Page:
From Monte Carlo simulations, depth dose curves in all simulation settings were evaluated. The doses resulting from the simulations were denoised using the iterative reduction of noise algorithm, IRON [17], implemented in the PRIMO software. This step was important due to the very small voxel size imposed by the DPM, in line with the adopted variance reduction, although this methodology could be not optimal. The depth dose data were collected as the weighted average of the depth dose curves at the central axis and ± 0.5 or ± 1 mm apart in one lateral direction. To analyse the relative characteristics of the curves, data were normalised at 5 cm depth. The lateral profiles were collected as the weighted average of two profiles on the main axes, 1 mm apart (except for the 0.5 cm diameter, where the average was on 5 profiles on each axis, 0.125 mm apart) to reduce the simulation noise. The weights were given by the uncertainty (at 2 standard deviations) estimated in each simulation point.
The dose in Gy/100MU was used to compute the collimator scatter factors at different depths and for all phantom diameters. The point dose was evaluated as a weighted average of 9 simulation points on the two main axes centred on the beam axis. The uncertainty for each collimator scatter factor was the simulation uncertainty (at 2 standard deviations) propagated for the ratio of the point dose estimation.
The measured collimator scatter factors were normalised to the 10 × 10 cm^{2} field size. Results with all buildup settings were finally compared with Monte Carlo results.
Results
Monte Carlo lateral profiles for different phantom diameters
Figure 1 shows the lateral profiles for a 10 × 10 cm^{2} field, 10 cm depth, in all the analysed phantom diameters (from 0.5 to 4 cm, and from 1 to 4 cm for 6 and 15 MV, respectively). From the curves, it is possible to hypothesize that, for the 6 MV beam, the 0.5 cm, and possibly 1 cm diameter phantoms are not wide enough to guarantee lateral equilibrium, while from 2 cm diameter the presence of a small flat profile region around the central axis could suggest that the lateral equilibrium conditions are met. Similarly, the complete lateral equilibrium condition should be achieved with a 3 cm diameter for the 15 MV beam quality.
Monte Carlo depth dose curves dependence on phantom diameter
Figure 2 presents a comparison of the depth dose curves for a 10 × 10 cm^{2} simulated in the acrylic cylindrical phantom from 0.5 to 4 cm diameter (1 to 4 cm for the 15 MV). Similar plots were obtained for all the other field sizes. On the left hand side of the figure, the curves are presented in terms of dose (Gy). The increasing amount of dose along the whole depth dose curve is due to the phantom scatter generated inside the cylindrical phantom of increasing diameter, as expected. On the right hand side of the figure, the same curves are reported normalised to 5 cm depth. The large variation in the buildup region is of interest: the depth of maximum dose increases with phantom diameter, and the relative amount of very low energy head scatter and electron contamination is higher for narrower phantoms.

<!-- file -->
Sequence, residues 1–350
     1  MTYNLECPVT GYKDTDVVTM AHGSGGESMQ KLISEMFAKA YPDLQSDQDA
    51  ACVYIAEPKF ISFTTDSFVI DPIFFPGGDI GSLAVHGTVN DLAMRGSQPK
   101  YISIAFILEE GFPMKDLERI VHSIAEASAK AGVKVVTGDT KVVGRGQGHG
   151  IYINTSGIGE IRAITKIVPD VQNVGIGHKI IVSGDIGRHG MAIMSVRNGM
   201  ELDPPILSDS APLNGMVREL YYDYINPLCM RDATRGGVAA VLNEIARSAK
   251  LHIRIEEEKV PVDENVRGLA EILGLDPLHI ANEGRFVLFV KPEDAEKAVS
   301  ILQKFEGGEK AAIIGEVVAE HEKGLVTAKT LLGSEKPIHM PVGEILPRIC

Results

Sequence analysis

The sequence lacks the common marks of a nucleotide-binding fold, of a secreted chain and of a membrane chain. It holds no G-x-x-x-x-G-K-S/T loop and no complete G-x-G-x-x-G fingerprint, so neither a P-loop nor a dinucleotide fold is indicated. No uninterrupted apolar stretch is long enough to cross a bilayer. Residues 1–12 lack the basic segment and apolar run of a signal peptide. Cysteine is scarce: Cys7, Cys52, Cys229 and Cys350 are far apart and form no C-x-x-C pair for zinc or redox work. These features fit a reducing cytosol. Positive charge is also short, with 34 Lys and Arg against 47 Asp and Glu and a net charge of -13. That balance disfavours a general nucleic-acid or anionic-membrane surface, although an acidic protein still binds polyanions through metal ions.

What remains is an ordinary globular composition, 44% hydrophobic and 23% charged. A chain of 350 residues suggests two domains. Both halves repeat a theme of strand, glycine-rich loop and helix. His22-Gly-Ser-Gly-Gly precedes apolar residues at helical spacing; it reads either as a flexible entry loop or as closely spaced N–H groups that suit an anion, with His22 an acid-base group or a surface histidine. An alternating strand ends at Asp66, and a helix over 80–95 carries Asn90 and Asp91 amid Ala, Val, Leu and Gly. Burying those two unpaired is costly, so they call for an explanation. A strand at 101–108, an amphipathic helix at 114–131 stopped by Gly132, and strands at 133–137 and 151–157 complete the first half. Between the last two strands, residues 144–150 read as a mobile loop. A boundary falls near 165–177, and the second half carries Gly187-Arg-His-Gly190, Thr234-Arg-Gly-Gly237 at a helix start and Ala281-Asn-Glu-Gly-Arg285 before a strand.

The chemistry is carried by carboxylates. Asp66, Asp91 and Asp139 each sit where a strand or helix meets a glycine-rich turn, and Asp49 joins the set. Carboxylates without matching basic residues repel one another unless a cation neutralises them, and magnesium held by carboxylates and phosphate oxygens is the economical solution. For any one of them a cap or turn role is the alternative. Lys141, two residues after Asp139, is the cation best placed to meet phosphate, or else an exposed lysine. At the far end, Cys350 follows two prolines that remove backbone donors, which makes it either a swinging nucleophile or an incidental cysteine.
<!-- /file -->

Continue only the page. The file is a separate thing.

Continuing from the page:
Monte Carlo depth dose curves dependence on field size
Figure 3 shows the comparison of the depth dose curves of all analysed field sizes (from 4 × 4 to 40 × 40 cm^{2}) of 6 MV simulated in the acrylic cylindrical phantom fixed to 2 cm diameter. Similar plots are obtained for all the other cylindrical phantom diameters. On the left hand side of the figure, the curves are presented in terms of dose (Gy). The ratio of the doses at each depth is the collimator scatter factor at that depth. On the right hand side of the figure, the same curves are reported normalised to 5 cm depth. All the curves, except in the buildup region, are almost perfectly overlapping. The small variations among curves are within the simulation uncertainty. This plot is a demonstration that the residual phantom scatter generated in the cylindrical phantom is the same for all field sizes, and the collimator scatter factor estimated in those conditions would completely cancel the phantom scatter contribution, leaving the factor to describe only the collimator scatter component. Moreover, the collimator scatter factor does not depend on the specific depth, provided the latter is sufficient to exclude differences in the electron contamination.
Figure 4 shows the same results for the 15 MV beam quality, where the buildup dose variation due to the electron contamination is more pronounced.
Monte Carlo collimator scatter factors